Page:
The problem of quantum gravity is impossibly hard because it is too general. Quantum gravity problem is not trivial but not nearly as hard if we consider a static spacetime such as Einstein static model . Quantum field theory on this specific spacetime is essentially a solved problem. In fact, even Euclidean quantum field theory following Osterwalder-Schrader quantization and Wightman axioms has been worked out in this case ( jaffee-ritter-qft1jaffee-ritter-qft2 osterwalder-schrader-2osterwalder-schrader-1 ). In presentations of quantum field theory on curved spacetimes the Einstein static spacetime appears often as a relatively simple example (see Fewster lecturenote-3908 (1)).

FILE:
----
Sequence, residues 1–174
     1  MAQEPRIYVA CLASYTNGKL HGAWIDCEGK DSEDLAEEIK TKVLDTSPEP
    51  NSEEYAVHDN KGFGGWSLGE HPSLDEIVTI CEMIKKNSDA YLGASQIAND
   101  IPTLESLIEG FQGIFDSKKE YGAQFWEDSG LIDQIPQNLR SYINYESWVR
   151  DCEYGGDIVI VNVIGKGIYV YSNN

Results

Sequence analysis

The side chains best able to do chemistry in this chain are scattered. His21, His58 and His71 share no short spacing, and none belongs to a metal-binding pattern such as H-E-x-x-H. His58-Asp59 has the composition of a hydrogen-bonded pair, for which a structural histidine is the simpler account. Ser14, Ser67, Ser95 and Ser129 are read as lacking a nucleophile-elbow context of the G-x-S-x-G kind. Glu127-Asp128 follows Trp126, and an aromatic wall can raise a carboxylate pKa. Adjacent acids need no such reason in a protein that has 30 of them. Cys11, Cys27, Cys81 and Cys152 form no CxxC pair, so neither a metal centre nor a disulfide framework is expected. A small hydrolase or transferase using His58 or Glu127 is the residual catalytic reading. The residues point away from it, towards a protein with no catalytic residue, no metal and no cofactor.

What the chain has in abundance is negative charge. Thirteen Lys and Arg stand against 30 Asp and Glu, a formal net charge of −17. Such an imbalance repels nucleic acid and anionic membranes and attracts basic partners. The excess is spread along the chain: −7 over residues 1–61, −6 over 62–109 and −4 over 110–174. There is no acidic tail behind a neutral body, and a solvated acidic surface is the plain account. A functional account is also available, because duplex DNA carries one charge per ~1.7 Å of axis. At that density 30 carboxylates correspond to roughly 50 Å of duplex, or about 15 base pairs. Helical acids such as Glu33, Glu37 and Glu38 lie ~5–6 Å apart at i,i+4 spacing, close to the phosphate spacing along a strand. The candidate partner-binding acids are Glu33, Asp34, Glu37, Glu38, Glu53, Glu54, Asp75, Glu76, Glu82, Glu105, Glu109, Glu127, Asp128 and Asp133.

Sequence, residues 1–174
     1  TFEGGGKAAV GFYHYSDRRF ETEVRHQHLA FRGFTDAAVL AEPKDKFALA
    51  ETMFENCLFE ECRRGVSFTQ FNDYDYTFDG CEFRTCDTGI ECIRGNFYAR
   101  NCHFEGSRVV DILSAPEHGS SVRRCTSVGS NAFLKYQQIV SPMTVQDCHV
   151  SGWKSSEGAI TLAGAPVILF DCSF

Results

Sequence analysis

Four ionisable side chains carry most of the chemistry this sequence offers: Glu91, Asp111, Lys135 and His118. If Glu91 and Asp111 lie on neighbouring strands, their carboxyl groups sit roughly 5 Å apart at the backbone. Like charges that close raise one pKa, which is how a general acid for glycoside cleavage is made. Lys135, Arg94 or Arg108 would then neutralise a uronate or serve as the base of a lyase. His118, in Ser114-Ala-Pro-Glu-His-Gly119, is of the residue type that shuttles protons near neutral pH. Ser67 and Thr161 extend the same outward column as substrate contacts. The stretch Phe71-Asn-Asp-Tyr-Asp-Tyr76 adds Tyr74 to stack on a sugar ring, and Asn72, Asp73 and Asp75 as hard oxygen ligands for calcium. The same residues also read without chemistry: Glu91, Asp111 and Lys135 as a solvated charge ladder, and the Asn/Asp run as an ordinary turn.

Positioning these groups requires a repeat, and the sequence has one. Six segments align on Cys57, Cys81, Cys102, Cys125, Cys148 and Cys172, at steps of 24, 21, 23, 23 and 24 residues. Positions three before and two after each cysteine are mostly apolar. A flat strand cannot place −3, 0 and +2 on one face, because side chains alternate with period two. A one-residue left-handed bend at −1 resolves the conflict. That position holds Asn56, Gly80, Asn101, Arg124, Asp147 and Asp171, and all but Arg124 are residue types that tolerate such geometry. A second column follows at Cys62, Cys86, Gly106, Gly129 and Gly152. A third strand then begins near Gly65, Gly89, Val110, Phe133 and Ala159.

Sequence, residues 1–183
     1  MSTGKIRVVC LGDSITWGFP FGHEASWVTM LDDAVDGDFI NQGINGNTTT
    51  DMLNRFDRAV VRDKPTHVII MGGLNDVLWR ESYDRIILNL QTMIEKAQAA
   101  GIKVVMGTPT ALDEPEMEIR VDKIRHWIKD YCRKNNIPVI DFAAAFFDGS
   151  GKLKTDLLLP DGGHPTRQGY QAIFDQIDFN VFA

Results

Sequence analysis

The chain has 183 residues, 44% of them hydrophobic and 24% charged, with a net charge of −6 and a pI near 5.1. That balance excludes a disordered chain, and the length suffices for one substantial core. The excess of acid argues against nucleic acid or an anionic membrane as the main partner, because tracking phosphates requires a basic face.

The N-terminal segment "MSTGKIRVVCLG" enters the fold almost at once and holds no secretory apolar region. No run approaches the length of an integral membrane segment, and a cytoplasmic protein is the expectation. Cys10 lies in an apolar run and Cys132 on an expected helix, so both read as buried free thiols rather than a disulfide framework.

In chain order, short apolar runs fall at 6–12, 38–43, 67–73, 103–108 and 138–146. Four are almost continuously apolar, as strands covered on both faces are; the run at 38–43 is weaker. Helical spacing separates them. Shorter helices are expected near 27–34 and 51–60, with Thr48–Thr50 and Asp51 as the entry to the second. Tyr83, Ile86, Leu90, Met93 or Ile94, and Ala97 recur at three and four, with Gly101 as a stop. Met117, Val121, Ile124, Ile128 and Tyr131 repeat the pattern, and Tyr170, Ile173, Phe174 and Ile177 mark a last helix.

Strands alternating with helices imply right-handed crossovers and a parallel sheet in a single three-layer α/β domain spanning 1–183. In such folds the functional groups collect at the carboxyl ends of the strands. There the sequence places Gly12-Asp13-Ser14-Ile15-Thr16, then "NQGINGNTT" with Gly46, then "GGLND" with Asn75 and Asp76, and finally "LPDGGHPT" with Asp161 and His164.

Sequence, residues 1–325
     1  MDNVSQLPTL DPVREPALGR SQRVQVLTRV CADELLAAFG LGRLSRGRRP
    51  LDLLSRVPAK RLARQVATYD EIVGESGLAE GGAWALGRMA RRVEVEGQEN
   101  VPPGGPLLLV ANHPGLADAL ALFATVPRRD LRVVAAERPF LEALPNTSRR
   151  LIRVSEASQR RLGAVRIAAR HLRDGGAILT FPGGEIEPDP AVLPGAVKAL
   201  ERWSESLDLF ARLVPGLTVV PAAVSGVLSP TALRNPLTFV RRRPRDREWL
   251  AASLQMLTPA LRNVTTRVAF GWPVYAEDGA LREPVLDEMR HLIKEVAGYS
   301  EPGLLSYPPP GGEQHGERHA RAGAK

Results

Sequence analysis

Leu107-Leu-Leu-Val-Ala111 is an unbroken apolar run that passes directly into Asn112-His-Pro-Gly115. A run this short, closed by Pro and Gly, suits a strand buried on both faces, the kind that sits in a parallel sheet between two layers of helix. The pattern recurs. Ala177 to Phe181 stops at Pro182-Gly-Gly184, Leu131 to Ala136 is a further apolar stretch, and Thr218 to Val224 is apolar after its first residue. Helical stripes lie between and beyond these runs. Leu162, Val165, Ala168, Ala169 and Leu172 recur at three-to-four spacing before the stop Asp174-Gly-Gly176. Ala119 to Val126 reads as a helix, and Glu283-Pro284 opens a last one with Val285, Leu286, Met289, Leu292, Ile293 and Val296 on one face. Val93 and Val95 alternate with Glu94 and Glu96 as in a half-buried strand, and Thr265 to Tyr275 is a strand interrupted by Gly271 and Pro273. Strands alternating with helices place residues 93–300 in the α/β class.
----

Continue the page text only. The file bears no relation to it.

The trouble with quantum gravity is that it is only an inaccessibly hard problem because it is the wrong question on arbitrary Lorentzian spacetimes. The problem is a bad cosmology: there is no expansion or any early universe. The problem of quantum gravity is that it is attempting to solve an irrelevant and overly general problem of an expanding spacetime while in fact the problem can be solved when the spacetime is static and globally hyperbolic with a compact Cauchy surface. It is in this setting where quickly we discover that there is no dark energy necessary in the sense that vacuum energy (which is well-defined for static spacetimes not suffering ambiguities of more general Lorentzian situations) is approximately equal to measured cosmological constant. The dark energy is just the curvature of a static universe. If one proceeds by a Wheeler-deWitt equation for quantum gravity, then this can also be solved explicitly via Huen functions etc. Thus specialization of the quantum gravity problem to a specific static spacetime resolves the most pressing issues of quantum gravity. It seems quite dangerous for thousands of physicists getting lost in speculative scenarios which will most likely have the same fate as the thousands of papers on solutions of Einstein equations without physical relevance. The quantum gravity problem is a GLOBAL problem in the sense that it must necessarily be affected by the geometry of the entire cosmos. It will be very unlikely to have a local solution that has merit. The hardness of the problem seems to be due to trying to force local considerations lead to gravity.